The Road to Recovery, Part 4

When last we spoke, I'd just undergone surgery to repair my blown out L4-L5 disk. 

Think about the coziest, most comfortable sleep you've ever had. Now envision someone shaking you awake because it's time to go to some horrific amalgamation of school AND work, and for some reason it's freezing cold and you're already burdened by the knowledge that you'll never sleep this soundly again in your life.

That's what waking up in recovery was like. 

According to my various nurses and handlers, I took a little longer than usual to shake off the anesthetic. This is unsurprising to anyone who knows me and is familiar with the fact that I can sleep 'til 2:30p on a Saturday if left to my own devices. But I guess when you're pumped full of sedatives that very rarely cause people to lapse into comas and die, they get sort of antsy about that stuff. So they shook me awake and I mostly lied there moaning for a few minutes as consciousness slowly creeped in, tingling, from the margins of my brain.

Kat was already there, and if I'm being 100% honest did not look as concerned as I would've liked. But that just speaks to her optimism and my need to constantly be the center of attention, even when I'm obviously already the center of attention because she's sitting there staring at me as I wake from surgery. 

As I slowly became more and more aware of my corporeal existence, various little agonies crept into my consciousness. Nerve fibers began checking in with damage reports and status updates and my brain dutifully logged them all even though at that moment of time I couldn't have been bothered to roll over if I were on fire. The surgical site was still heavily-medicated and registered only as a dull, constant ache that seared into blinding brightness if I tried to shift my position. But one area was noticeably absent: all that terrible electric shock agony I'd had in my lower back, ass, and leg was gone. Completely and totally gone.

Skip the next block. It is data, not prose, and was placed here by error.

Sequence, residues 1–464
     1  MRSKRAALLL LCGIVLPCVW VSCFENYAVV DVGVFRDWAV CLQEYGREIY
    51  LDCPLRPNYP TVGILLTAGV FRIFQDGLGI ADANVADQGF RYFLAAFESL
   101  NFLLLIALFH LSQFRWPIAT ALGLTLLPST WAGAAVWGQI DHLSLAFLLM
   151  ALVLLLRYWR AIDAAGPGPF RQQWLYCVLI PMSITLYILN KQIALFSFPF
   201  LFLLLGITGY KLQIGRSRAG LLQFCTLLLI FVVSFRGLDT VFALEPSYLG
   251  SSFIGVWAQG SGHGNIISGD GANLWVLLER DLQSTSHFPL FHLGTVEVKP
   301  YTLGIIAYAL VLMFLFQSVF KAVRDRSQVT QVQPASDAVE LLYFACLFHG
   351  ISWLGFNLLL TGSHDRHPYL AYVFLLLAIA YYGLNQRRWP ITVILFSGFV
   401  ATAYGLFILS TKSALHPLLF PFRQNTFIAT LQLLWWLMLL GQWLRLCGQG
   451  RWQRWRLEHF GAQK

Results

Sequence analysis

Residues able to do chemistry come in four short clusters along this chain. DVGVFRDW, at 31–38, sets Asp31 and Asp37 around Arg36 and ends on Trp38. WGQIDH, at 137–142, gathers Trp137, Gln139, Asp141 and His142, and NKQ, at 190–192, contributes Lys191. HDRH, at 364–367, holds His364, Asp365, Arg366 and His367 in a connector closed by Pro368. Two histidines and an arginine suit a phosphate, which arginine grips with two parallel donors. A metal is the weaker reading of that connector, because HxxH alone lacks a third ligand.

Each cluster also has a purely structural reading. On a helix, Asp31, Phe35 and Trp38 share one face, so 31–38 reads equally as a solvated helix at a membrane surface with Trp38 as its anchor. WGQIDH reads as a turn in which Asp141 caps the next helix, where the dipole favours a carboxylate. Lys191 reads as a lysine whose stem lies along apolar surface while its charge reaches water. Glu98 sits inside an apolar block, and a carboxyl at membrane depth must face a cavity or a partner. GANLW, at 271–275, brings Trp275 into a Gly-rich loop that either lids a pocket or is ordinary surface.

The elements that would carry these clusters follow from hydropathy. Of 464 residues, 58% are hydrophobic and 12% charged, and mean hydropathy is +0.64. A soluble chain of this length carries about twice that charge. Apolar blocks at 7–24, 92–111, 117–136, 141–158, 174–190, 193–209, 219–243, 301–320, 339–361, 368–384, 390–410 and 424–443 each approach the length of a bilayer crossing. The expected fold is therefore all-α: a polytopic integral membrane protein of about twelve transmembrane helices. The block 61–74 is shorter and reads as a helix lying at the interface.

Ever waiting for the other shoe to drop, I chastised myself for a momentary glimpse of optimism; I just knew that was because I still had anesthetic coursing through my veins. Once it wore off I would still have the pain. The doctor had even warned me the surgery might not fix it all. But as I became more and more aware of my body I realized that no, there wasn't anything there lurking. I was fixed. Completely!

Well, not completely. I had a 3-4 inch incision in my back where a doctor had reached in, shoved all my fat and muscle to one side, cut a chunk of my back bone out, and scraped out a bunch of cartilage and goo. So that part hurt a bit. Lucky for me my nurse was hellbent on getting me out of the hospital immediately, so he forced me to stand and walk around the recovery room, thus demonstrating that I could be kicked out of the hospital.

But I couldn't just pop right up and stand. I had to learn the log roll. Twisting, bending, and related activities are not recommended when you've got stitches keeping your innards from blowing out your back. So I had to bring my knees up, tense my abdominal muscles, and roll while keeping my body as straight as possible to bring myself onto my side. Then more tensing and pushing myself up to a sitting position. Then a pause for breath, more tensing of muscles, and I could slowly, wincingly hoist myself to a position approximating standing. Sorta like this

It was slow and painful, but I was technically mobile. After a couple laps around the recovery room, some halting urination to prove everything still worked after all the meds, and one brief pause where I felt like I was gonna black out because I still had some sleepy-time gas to cough up, I was released and gingerly forced into the passenger seat of our car so Kat could drive me home while I winced and whined at every bump in the road because why would I miss an opportunity to make the person who loves me more than anything feel bad.

Before long I was home and right back into my normal routine. Assuming my normal routine was lying stiffly in bed and trying not to twist or bend while periodically standing to pop Percocet and try to shuffle a lap around my kitchen. I was almost back!

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